back to article NSW government drops a Catch: Bus Wi-Fi is a privacy nightmare

Privacy activists and the NSW Greens in Australia have come out against the NSW State Government's umpteenth Wi-Fi-on-buses trial. The reason: instead of trying to offer the Wi-Fi itself, as has happened in past attempted-but-abandoned rollouts, the Baird government is letting a company called Catch run the hotspots. Catch is …

  1. Sampler

    That's a lot to ask

    name, address, phone number, employer, drivers' license number and date of birth

    I mean, most hotspots are happy for a name and email address, that can easily be bogus, but who's going to put all that in just to get on free bus wifi, by the time you're done you'll be off the other end!

    Also, drivers licence? Erm, why do you think I'm a #buswanker?

    1. CheeseTriangles

      Re: That's a lot to ask

      The sad thing is that many people will submit all that personal information without any thoughts regarding the invasion of their privacy - it's FREE wifi after all.

      1. Sampler

        Re: That's a lot to ask

        most people probably won't sign up for it at any rate - I can't think of a single public wifi I've connected to in Sydney that's actually worked once I've connected (and those are in the small minority, Events on George St connects but won't issue an IP, Starbucks next door issues an IP but won't redirect you to the login page and won't progress to the internet outside until you've been through it in a kafka style loop and the list goes on..).

        So with that experience to base on using the public wifi, add a massive list of information to pump in and you'll get no one being arsed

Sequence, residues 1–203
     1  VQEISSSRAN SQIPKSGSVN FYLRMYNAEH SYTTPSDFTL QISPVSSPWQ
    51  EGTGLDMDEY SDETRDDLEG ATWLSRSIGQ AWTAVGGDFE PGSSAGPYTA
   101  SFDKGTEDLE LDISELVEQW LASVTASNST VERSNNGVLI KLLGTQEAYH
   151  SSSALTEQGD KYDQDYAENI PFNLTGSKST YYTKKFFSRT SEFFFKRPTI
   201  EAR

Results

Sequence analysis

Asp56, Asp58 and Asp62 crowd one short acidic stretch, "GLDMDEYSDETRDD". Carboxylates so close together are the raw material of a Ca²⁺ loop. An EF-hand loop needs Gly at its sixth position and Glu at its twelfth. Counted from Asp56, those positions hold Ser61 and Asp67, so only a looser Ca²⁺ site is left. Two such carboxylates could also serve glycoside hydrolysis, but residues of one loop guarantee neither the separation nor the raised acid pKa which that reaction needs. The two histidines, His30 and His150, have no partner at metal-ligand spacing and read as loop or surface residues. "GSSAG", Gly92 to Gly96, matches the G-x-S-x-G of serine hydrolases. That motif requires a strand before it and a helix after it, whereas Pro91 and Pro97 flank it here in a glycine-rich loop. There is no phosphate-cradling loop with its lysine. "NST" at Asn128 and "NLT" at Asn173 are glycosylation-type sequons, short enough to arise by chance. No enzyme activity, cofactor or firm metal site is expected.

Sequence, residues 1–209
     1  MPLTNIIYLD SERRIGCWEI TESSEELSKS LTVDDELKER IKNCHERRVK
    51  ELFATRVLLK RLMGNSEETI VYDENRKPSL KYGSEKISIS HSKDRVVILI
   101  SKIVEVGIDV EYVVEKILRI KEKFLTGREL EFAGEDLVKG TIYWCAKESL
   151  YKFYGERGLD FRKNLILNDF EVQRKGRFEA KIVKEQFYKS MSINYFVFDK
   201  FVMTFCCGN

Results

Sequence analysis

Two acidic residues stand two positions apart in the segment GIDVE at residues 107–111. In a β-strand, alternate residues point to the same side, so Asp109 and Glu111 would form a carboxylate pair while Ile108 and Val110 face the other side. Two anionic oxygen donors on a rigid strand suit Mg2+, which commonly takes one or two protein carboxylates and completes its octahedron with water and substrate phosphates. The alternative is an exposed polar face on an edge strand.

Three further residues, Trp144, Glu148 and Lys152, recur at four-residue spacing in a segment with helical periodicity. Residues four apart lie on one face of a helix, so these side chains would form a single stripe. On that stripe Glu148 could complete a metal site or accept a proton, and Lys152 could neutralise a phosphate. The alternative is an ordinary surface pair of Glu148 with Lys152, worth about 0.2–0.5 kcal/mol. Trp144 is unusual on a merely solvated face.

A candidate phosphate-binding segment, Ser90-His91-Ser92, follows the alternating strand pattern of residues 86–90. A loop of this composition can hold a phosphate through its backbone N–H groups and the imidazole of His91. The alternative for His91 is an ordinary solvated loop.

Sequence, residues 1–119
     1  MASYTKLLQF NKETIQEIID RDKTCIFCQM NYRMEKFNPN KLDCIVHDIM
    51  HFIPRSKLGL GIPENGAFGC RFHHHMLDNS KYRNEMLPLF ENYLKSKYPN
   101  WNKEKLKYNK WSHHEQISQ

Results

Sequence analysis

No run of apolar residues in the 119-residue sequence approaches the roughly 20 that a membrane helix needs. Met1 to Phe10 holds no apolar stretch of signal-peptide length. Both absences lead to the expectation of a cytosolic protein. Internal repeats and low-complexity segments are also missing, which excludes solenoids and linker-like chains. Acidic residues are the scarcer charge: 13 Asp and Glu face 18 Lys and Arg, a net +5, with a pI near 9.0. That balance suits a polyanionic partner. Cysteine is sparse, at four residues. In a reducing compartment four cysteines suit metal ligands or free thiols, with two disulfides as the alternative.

2. Oh Homer

    Is that even legal?

    Don't know about Down Under, but I'm fairly sure that retaining credit card information for purposes other than an authorised financial transaction is illegal, at least in the EU, and if it isn't then it probably should be.

    1. Trixr

      Re: Is that even legal?

      Privacy law downunder, compared to what EU regulation was even in the early 2000s (when I was living in the UK), is complete and utter shite.

      My first IT jobs were in the UK, and I was trained on privacy stuff accordingly. Doing IT work in Oz and NZ still continues to gobsmack me with the breathtaking liberties organisations can take.

  3. Sorry that handle is already taken. Silver badge

    "I think you may have been misled."

    "The privacy policy proposes such data may be collected, not will be collected."

    What's the fucking difference? If you can you will.

    1. Oengus Silver badge

      Re: "I think you may have been misled."

      If you can you will. If not today then in the future when we are so used to giving you our details.

      If you aren't going to collect it, why ask for permission today?

  4. frank ly

    “It is also a trial so we have a long way to go.”

    Does this mean they'll be collecting even more information in the future?

  5. Mark Simon

    Let’s try something similar:

    Would something like this be acceptable:

    The policy proposes we may drive a bulldozer through your house, not will drive one through.

    It is also a trial so don’t worry about it. Just relax and enjoy being taken for a ride.

    I think NSW commuters have definitely been misled.